of intemationalisation of economy. W. Sombart's thesis of the 
diminishing importance of international relations (abnehmende 
Bedeutung der weltwirtschajtlichen Beziehungen) is therefore 
absolutely incorrect.^ This most paradoxical of modern econo- 
mists had paid a certain tribute long before the war, to the 
imperialistic ideology which, he said, strives towards economic 
"autarchy" and creates a large self-sufficient whole.- His 
"theory" is a generalisation of the fact that the home sale of 
manufactured goods in Germany grew faster than the export 
of such goods. It is from this fact that Sombart drew a queer 
conclusion concerning the diminishing significance of foreign 
trade in general. However, as Harms ^ correctly remarks, even 
assuming that manufactured goods gravitate towards the in- 
ternal market more than towards foreign markets (a conclusion 
to which Sombart arrives from the analysis of German data 
only) , one must not, on the other hand, overlook the increasing 
import of raw materials and foodstuffs which serve as a pre- 
requisite for the home trade in manufactured goods, for the 
internal market, since it is due to such an import that the 
country is not compelled to waste productive forces on the 
production of raw materials and food. Definite conclusions 
can be drawn only after an analysis is made of both sides of 
the international exchange and of the distribution of productive 
forces in all the branches of social production. The tendencies 
of modern development are highly conducive to the growth of 

^W. Sombart: Die deutsche Volkswirtschaft im XIX. Jahrhundert; Berlin, 


2 Sombart, who during the war turned into a raving imperialist, is not an 
isolated phenomenon. In analysing the economic problems connected with 
world economy, one may discern two trends. One is optimistic, the other 
demands first of all a strengthening of the inner forces of an imperialist 
nation fighting for power, hence this trend pays great attention to the prob-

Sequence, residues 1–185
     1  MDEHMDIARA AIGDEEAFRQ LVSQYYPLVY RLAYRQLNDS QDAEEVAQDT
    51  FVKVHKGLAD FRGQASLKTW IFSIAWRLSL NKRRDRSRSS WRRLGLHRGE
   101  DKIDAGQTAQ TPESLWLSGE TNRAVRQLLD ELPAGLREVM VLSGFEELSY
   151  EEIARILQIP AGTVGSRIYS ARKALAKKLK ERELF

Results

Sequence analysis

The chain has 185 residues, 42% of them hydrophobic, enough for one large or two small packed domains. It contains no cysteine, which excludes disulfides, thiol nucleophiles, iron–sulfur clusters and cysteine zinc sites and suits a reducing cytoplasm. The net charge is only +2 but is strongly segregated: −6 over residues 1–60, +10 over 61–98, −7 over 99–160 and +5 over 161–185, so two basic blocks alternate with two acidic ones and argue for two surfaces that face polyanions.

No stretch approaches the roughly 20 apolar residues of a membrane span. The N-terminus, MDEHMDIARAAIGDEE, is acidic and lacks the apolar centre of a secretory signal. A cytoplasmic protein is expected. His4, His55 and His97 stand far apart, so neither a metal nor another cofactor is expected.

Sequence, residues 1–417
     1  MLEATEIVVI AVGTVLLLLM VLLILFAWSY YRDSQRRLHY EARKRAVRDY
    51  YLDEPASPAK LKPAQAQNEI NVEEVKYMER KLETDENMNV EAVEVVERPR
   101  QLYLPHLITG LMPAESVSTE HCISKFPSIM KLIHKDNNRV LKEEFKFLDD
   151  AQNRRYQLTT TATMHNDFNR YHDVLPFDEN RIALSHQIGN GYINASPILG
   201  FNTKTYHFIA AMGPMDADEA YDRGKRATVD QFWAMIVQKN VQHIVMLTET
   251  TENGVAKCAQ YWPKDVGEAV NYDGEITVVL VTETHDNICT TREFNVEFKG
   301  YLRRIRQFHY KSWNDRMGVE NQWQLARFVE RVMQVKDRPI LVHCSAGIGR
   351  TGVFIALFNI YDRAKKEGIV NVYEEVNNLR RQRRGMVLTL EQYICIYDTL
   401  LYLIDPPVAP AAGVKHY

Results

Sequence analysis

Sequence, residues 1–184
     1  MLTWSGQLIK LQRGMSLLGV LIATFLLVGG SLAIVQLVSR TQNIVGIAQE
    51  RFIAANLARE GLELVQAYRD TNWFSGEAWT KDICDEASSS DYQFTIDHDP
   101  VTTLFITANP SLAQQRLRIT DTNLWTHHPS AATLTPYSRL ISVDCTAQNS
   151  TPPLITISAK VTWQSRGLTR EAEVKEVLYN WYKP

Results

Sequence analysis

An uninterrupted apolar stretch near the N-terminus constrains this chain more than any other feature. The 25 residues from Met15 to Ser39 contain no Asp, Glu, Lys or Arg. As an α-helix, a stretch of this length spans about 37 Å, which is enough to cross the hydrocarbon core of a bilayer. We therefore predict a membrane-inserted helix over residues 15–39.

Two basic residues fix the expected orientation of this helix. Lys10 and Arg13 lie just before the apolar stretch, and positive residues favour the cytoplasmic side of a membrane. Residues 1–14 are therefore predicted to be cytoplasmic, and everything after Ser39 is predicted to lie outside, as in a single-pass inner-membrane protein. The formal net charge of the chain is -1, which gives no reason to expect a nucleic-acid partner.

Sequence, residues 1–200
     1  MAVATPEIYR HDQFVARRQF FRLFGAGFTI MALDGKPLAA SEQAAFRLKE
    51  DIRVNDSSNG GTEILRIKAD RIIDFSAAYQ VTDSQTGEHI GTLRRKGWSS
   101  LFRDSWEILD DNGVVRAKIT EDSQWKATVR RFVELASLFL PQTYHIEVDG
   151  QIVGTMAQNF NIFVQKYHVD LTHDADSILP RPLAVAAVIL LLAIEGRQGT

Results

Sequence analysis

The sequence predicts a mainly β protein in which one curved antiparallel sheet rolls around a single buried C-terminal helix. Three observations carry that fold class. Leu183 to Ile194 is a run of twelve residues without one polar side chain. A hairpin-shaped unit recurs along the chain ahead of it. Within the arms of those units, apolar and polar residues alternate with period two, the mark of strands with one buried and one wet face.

lems of the internal market. See, for instance. Dr. Heinrich Pudor, "Welt- 
wirtschaft und Inlandproduktion," in Zeitschrift fur die gesamte Staatswissen- 
schajten, herausgegeben von K. Bucher, 71. Jahrgang (1915) 1. Heft, which 
says that "we must strive towards German world economy {deutsche Welt- 
wirtschaft) , insofar only as our production, our industry, seizes ever greater 
markets and unsaddles foreign competition. In that case, [he says] world 
trade expands accordingly. The foundation, however, must be home (heim- 
ische) production" (pp. 147-148). 

^ Harms, I.e., p. 202, footnote; also Sigmund Schilder: Entmckelungsten- 
denzen der Weltwirtschajt, Berlin, 1912-15. 


international relations of exchange (and with them many 
others), in that the industrialisation of the agrarian and semi- 
agrarian countries proceeds at an unbelievably quick tempo, 
a demand for foreign agricultural products is created in those 
countries, and the dumping policy of the cartels is given unusual 
impetus. The growth of world market connections proceeds 
apace, tying up various sections of world economy into one 
strong knot, bringing ever closer to each other hitherto "nation- 
ally" and economically secluded regions, creating an ever 
larger basis for world production in its new, higher, non- 
capitalist form. 

If the international movement of commodities expresses the 
"mutation process" in the socio-economic world organism, then 
the international movement of the populations expresses mainly 
the redistribution of the main factor of economic life, the 
labour power. Just as within the framework of "national 
economy" the distribution of labour power among the vari- 
ous production branches is regulated by the scales of wages 
which tend to one level, so in the framework of world economy 
the process of equalising the various wage scales is taking 
place with the aid of migration. The gigantic reservoir of the 
capitalist New World absorbs the "superfluous population" of 
Europe and Asia, from the pauperised peasants who are being 
driven out of agriculture, to the "reserve army" of the unem- 
ployed in the cities. Thus there is being created on a world 
scale a correspondence between the supply and demand of 
"hands" in proportions necessary for capital. An idea of the 
quantitative side of the process may be gleaned from the fol- 
lowing figures: 

Number of Immigrants Entering U. S. A. 


1904 812,870 

1905 1,026,499 

1906 1,100,735 

1907 1,285,349 

1914 1,218,480^ 

ID. Lewin: Der Arbeitslohn und die soziale Entwickelung, Berlin, 1913, 
p. 141; also U. Philippov: Emigration, p. 13. The last figure is taken from 
the American Year-Book for 1914, p. 385, 


Number of Foreigners in Germany 


1880 276,057 

1900 778,737 

1910 1,259,873 1 

In 19 12, 711,446 emigrated from Italy, 467,762 from Eng-